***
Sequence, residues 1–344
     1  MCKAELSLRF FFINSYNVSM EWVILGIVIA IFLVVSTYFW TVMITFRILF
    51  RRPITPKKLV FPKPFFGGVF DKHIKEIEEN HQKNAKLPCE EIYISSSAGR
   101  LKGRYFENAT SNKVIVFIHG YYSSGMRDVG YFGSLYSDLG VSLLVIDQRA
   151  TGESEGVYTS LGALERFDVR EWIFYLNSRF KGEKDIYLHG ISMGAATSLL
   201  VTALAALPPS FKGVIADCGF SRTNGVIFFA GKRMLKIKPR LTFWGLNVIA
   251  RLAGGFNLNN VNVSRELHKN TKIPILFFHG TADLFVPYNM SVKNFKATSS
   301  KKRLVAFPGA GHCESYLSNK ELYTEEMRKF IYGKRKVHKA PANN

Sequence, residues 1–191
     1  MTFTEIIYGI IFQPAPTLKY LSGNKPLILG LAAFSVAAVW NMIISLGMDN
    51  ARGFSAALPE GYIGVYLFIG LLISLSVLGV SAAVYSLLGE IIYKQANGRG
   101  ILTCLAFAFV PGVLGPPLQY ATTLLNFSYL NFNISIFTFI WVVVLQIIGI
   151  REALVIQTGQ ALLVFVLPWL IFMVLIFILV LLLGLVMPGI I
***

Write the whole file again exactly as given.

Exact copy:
Sequence, residues 1–344
     1  MCKAELSLRF FFINSYNVSM EWVILGIVIA IFLVVSTYFW TVMITFRILF
    51  RRPITPKKLV FPKPFFGGVF DKHIKEIEEN HQKNAKLPCE EIYISSSAGR
   101  LKGRYFENAT SNKVIVFIHG YYSSGMRDVG YFGSLYSDLG VSLLVIDQRA
   151  TGESEGVYTS LGALERFDVR EWIFYLNSRF KGEKDIYLHG ISMGAATSLL
   201  VTALAALPPS FKGVIADCGF SRTNGVIFFA GKRMLKIKPR LTFWGLNVIA
   251  RLAGGFNLNN VNVSRELHKN TKIPILFFHG TADLFVPYNM SVKNFKATSS
   301  KKRLVAFPGA GHCESYLSNK ELYTEEMRKF IYGKRKVHKA PANN

Sequence, residues 1–191
     1  MTFTEIIYGI IFQPAPTLKY LSGNKPLILG LAAFSVAAVW NMIISLGMDN
    51  ARGFSAALPE GYIGVYLFIG LLISLSVLGV SAAVYSLLGE IIYKQANGRG
   101  ILTCLAFAFV PGVLGPPLQY ATTLLNFSYL NFNISIFTFI WVVVLQIIGI
   151  REALVIQTGQ ALLVFVLPWL IFMVLIFILV LLLGLVMPGI I